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Author Archive: reflectivemeded

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Sharing at the Free Clinic

By Megan Masten I recently had the opportunity to spend a month at a free health-care clinic in Flint, Michigan as part of my third year Internal Medicine clerkship. I am in an underserved medicine program and I have a deep interest in working with people who have characteristically been left out of healthcare.  I […]

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The Past Today: A Southern Physician Visits the Mississippi Civil Rights Museum

At this year’s Southern Group on Educational Affairs conference, the University of Mississippi hosted an outing at the Two Mississippi Museums, consisting of the Museum of Mississippi History and the Mississippi Civil Rights Museum. I focused my visit on the Mississippi Civil Rights Museum.  It was exhausting, difficult, heart-wrenching, and, in the end, hopeful.  Growing […]

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Switching Roles: A Physician, An Educator, A Patient

By Nalini Juthani On a bright early morning while getting ready for work, suddenly, something went “Swoosh” in my head. I saw double and felt dizzy with eyes open. Horrified, I returned back to my bed. In a few moments I began to play out various scenarios in my mind. Each potential diagnosis that flashed […]

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A Reflection on The Match: Appreciating and Addressing the Financial Burden on Students

By Justin D. Triemstra Match day. Those two words can bring back a fountain of emotions for physicians.  For some, excitement and thrill. For others, anxiety or sorrow. But for most, a significant financial burden during a time of limited income. A recent discussion with a fourth year medical student reminded me of this important, […]

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My Classroom Is Empty: Is That a Problem?

By Kamran M. Mirza I am no stranger to disseminating information to a group of individuals junior to me.  As a resident and fellow, I have taught many medical students in a classroom setting.  As I think back to these sessions now, I find that they were all in a setting where the student’s presence […]

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Closing the Door on the “Closing Doors” Metaphor: Reframing our Step 1 Advice

By Emily Green Anyone who advises medical students about USMLE Step 1 will be familiar with the metaphor of “closing doors”.  Upon receiving their Step 1 score, worried students wonder if the sound they are hearing is the slamming shut of gateways to particular specialties.  The problem with the pervasive “closing doors” metaphor is that […]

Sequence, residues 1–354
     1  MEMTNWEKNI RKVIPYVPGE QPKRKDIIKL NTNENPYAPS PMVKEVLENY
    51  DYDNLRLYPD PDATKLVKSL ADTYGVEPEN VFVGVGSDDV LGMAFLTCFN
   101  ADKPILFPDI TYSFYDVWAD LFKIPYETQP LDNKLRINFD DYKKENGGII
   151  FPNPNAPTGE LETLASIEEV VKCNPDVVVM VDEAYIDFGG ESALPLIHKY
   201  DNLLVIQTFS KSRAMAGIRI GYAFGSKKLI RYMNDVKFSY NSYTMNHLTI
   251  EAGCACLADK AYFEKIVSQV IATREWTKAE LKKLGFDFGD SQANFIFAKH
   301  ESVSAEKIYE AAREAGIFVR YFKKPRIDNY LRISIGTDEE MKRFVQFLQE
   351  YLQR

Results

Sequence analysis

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In My Panic Zone: Teaching Feedback Seeking

By J.M. Monica van de Ridder Teaching is something that I have been doing for over 20 years. So, in general, I don’t worry about it. I think I know what works and does not work. Things were very different for me this time. I was worried, and I felt very much out of my […]

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By Tim Lahey Every March I run the last required course at our medical school. It’s a three-week-long, 47-hour sprint – a sort of boot camp for professional formation. We polish clinical skills, revisit foundational sciences, let students pick from a menu of interesting tutorials, and discuss professional formation. Students grapple with hypothetical gastrointestinal crises […]

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What Diversity and Inclusion Means to Me: A Science of Learning Perspective

By Adrian K. Reynolds Over the past few months, I’ve been on a quest to answer this one question: How does my mission to create opportunities for students to develop self-regulated, active learning1,2 skills support diversity and inclusion? In this quest to raise my level of critical consciousness3, or, in my African American Vernacular English, […]

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From Marjory Stoneman Douglas to Medical School: A Call to Action

by Zarna Patel I cannot find the right words to describe how it felt when I read news: “School shooting at High School in Southeastern Florida.”  Despite the 239 school shootings since Sandy Hook, nothing can prepare you for the numbness of having it happen in your hometown.  The way your heart leaps into your […]

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